• Submission to the U.S. Department of Justice. Participation in the program represents a change in voting that must be precleared with the U.S. Department of Justice ("DOJ") under Section 5 of the federal Voting Rights Act. DOJ will probably review the proposed number and locations of the countywide polling places to determine whether they could have any discriminatory effect on the basis of race or language group.
  • Joint Elections. Local political subdivisions may hold a joint election with a participating county. Remember that state law requires local political subdivisions using the November uniform election date (excluding certain water districts and other districts created pursuant to Section 52, Article III or Section 59, Article XVI of the Texas Constitution located within Harris County or counties bordering Harris County) to use the regular county polling places in the county election precincts that contain territory from their elections. Political subdivisions in participating counties would need to have a presence at each of the countywide polling places at which its voters would be eligible to appear, either through a joint election with the county or conducting its own polling place at each of the locations. Counties that wish to participate in the program will need to demonstrate that the details of local joint elections have been resolved or at least that the governing bodies have agreed that they will resolve such issues.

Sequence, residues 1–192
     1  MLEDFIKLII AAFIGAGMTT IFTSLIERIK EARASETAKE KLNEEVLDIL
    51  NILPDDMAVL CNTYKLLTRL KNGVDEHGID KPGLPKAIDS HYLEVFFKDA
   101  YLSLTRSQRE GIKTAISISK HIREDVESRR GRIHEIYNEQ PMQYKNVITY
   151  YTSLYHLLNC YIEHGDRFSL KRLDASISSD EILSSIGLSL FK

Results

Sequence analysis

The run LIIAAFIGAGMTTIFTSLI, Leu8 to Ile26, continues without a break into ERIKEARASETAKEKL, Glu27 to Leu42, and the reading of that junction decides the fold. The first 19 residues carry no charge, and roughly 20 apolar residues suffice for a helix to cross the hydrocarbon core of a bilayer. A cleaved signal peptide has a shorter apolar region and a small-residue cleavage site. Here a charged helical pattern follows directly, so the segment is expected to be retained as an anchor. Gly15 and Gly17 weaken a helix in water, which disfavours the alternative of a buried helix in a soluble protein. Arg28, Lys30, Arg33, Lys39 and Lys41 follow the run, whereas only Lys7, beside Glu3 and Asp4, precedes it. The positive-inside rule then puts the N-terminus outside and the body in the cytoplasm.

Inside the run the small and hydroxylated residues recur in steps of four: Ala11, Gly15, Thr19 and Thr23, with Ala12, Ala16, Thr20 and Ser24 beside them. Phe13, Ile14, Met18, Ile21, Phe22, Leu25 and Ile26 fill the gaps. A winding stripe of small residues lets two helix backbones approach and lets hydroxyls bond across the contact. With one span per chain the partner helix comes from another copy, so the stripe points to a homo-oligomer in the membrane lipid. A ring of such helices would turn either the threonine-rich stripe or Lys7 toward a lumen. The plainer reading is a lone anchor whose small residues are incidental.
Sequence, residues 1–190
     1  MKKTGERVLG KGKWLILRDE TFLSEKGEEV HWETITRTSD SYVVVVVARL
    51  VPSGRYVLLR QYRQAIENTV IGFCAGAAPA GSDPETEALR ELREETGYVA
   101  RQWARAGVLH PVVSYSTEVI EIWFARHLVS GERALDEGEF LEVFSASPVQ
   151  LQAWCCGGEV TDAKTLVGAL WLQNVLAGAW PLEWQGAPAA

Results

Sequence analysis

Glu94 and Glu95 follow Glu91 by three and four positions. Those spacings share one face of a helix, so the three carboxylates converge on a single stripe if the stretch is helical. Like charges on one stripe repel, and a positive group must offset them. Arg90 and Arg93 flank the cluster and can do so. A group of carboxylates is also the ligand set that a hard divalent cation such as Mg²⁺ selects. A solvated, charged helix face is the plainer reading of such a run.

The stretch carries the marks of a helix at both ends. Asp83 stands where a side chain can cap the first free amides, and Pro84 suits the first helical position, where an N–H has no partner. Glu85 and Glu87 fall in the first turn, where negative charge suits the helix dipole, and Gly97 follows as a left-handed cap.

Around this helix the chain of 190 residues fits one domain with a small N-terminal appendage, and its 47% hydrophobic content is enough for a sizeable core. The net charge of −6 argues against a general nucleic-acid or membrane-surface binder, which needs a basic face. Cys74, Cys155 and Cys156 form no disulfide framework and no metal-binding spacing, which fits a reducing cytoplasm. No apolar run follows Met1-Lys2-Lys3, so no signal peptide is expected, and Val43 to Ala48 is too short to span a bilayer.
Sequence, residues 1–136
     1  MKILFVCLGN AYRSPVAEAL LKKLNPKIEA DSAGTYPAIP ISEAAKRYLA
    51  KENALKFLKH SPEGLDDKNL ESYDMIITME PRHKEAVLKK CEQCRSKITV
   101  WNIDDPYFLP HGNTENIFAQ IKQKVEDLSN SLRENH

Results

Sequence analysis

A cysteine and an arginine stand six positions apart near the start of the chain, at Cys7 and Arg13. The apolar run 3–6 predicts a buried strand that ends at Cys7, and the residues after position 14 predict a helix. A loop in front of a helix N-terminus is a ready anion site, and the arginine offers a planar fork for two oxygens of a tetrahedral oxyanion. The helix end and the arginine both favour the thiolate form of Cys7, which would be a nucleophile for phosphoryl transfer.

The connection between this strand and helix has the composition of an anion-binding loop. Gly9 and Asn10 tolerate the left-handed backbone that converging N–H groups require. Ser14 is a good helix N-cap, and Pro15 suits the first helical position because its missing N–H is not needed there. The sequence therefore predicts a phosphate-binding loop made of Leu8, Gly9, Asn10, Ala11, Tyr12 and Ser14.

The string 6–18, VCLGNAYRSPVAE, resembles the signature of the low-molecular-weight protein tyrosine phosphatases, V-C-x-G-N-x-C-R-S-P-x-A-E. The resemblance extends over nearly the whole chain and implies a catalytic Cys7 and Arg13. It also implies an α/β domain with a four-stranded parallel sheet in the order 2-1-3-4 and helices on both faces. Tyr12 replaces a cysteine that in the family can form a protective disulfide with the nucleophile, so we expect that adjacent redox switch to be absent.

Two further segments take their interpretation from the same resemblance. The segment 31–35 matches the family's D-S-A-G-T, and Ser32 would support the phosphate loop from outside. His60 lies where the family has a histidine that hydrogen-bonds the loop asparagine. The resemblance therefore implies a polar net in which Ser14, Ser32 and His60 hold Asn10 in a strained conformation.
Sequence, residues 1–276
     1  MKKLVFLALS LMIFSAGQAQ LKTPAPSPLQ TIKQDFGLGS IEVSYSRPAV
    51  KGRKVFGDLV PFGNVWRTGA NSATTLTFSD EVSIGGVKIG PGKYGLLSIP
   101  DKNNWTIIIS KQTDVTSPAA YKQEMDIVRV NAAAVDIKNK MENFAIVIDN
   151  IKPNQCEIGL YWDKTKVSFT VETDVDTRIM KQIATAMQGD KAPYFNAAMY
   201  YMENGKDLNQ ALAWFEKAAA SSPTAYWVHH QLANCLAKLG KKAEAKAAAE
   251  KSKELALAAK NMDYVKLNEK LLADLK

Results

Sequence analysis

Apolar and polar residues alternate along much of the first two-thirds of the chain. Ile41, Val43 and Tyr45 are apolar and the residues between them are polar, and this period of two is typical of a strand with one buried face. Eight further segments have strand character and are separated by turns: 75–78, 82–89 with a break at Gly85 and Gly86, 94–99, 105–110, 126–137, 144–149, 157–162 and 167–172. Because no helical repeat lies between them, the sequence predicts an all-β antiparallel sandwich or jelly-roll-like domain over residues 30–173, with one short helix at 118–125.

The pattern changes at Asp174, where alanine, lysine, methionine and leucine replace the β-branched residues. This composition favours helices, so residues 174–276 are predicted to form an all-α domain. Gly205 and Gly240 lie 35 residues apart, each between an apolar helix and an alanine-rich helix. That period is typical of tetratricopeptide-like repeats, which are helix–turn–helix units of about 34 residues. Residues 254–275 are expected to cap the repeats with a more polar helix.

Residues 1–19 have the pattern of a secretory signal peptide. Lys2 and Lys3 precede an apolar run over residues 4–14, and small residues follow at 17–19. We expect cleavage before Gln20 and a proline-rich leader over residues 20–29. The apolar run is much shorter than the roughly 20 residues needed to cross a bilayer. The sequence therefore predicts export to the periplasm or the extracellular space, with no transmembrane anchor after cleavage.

• Polling Place Officials. While Section 43.007 does not explicitly address the question, we believe that the election officials at each of the countywide polling places would need to be appointed according to the same list procedure as Election Day judges and clerks to the extent possible. Again, counties that wish to participate in the program will need to demonstrate that the county commissioners court and the county chairs have resolved how polling place officials will be appointed.
  • Written Report. Section 43.007(j) requires the Office of the Secretary of State to me a report with the Legislature concerning the program, including a recommendation on the future use of countywide polling places on January 1 of each odd-numbered year. All counties that participate in the program will be expected to contribute their specific findings after each election held with countywide precincts, which will be included in the report.

No comments:

Post a Comment